- optimizing the tools needed to develop vaccines
- Supporting effective research and development, and supply chain coordination for COVID-19 vaccine projects
- facilitating solutions to manufacture the most promising COVID-19 vaccines in Canada
- identifying opportunities to enhance business connectivity globally to secure access to vaccines with key commercial sponsors
Procuring vaccines for COVID-19
Public Services and Procurement Canada is working with the Public Health Agency of Canada, Health Canada and Innovation, Science and Economic Development Canada to identify and procure potential vaccine candidates and supplies.
COVID-19 vaccine agreements
On behalf of PHAC, and based on advice from the COVID-19 Vaccine Task Force, PSPC is leading negotiations and finalizing agreements with suppliers of COVID-19 vaccine candidates.
To date, the Government of Canada has invested over $1 billion to secure access to promising vaccine candidates.
This includes up-front payments that companies require to support vaccine development, testing and at-risk manufacturing. Subsequent payments are contingent on vaccines passing clinical trials and obtaining regulatory approval.
These investments ensure Canada’s earliest possible access to the production of an approved COVID-19 vaccine.
All vaccine candidates will require Health Canada authorization prior to being used to vaccinate anyone in Canada.
|Supplier||Doses||Authorized||Anticipated delivery start|
|AstraZeneca||20 million||AstraZeneca authorization||To be determined|
|Verity Pharmaceuticals Canada Inc./Serum Institute of India (in collaboration with AstraZeneca Canada Inc.)||2 million||AstraZeneca authorization||March 2021|
|Moderna||44 million||Moderna authorization||December 2020|
|Pfizer||Up to 76 million||Pfizer authorization||December 2020|
|Johnson & Johnsontable 1 note 1||Up to 38 million||Johnson & Johnson authorization||To be determined|
|Medicago||Up to 76 million||No||Pending Health Canada authorization|
|Novavax||Up to 76 million||No||Pending Health Canada authorization|
|Sanofi and GlaxoSmithKline||Up to 72 million||No||Pending Health Canada authorization|
Table 1 Notes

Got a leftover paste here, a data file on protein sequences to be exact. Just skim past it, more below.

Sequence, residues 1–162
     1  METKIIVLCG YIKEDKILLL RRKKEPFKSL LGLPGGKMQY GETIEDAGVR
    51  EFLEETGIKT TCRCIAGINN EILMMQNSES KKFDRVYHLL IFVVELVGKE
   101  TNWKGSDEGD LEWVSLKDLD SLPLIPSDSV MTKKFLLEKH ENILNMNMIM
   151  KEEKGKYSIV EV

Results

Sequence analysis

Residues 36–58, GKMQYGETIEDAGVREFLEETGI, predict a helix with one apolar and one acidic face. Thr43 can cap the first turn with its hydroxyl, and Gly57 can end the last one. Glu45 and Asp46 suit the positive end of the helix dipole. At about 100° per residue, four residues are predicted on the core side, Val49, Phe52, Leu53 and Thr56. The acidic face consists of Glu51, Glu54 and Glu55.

COVID-19 vaccine global access facility
The Government of Canada is participating in the COVID-19 vaccine global access (COVAX) facility, a global procurement mechanism that will help develop and deliver safe, equitable and accessible COVID-19 vaccines. Participation in the COVAX facility also provides Canadians potential access to 6 additional vaccine candidates.
The Government of Canada is committing approximately $220 million to the facility to procure up to 15 million vaccine doses for everyone in Canada. An additional $220 million will be channeled through the COVAX advance market commitment to purchase doses for low and middle income countries, increasing their access to a safe and effective COVID-19 vaccine.
The Government of Canada also continues to purchase the necessary supplies for the administration of different vaccines. Contracts are in place for personal protective equipment and ancillary supplies, such as:
We have put in place contracts for the supplies required to administer nearly over 75 million doses of COVID-19 vaccines, including syringes, needles and gauze. To date, we have received enough supplies to administer more than 74 million doses.
Canada has ordered 282 million syringes of varying sizes to accommodate a range of requirements in the administration of vaccines. This includes 192 million 1 millilitre syringes of which 179.7 million are low-dead volume syringes and 10 million are ultra-low-dead volume syringes. Canada has also ordered 81 million low-dead volume needles.
The Government of Canada has awarded a contract to FedEx Express Canada and Innomar Strategies Inc., for an end-to-end COVID-19 logistics solution for COVID-19 vaccines.
Government of Canada awards contract to distribute COVID-19 vaccine from coast to coast to coast
The contract will support the distribution of vaccines across Canada. Specifically, working under the direction of PHAC’s National Operations Centre, led by Major-General Dany Fortin, FedEx Express Canada and Innomar Strategies Inc. will provide a variety of services that will assist in warehousing and transportation to provincial and territorial authorities and Indigenous partners to support timely and efficient vaccine administration across the country.
Freezers and dry ice
Given the complexity of vaccine distribution, including the need to transport and store vaccines at specific temperatures, PSPC is also procuring other goods and services required to support the eventual distribution of a vaccine to everyone in Canada.
Freezers and refrigerators
The Government of Canada has now purchased 600 freezers and 100 refrigerators.
PSPC, on behalf of PHAC, has awarded contracts for the purchase of:
- 389 freezers at -80 degrees Celsius
- 100 freezers at -20 degrees Celsius
- 111 fridge/freezers combo at -20 degrees Celsius
- 100 refrigerators
The Government of Canada has awarded standing offers for the national delivery of tens of thousands of kilograms of dry ice weekly, on an as-needed basis to 10 Canadian companies:
- ATES Medical, located in Quebec, with national delivery capacity
- Biogivre Inc., located in Quebec, with national delivery capacity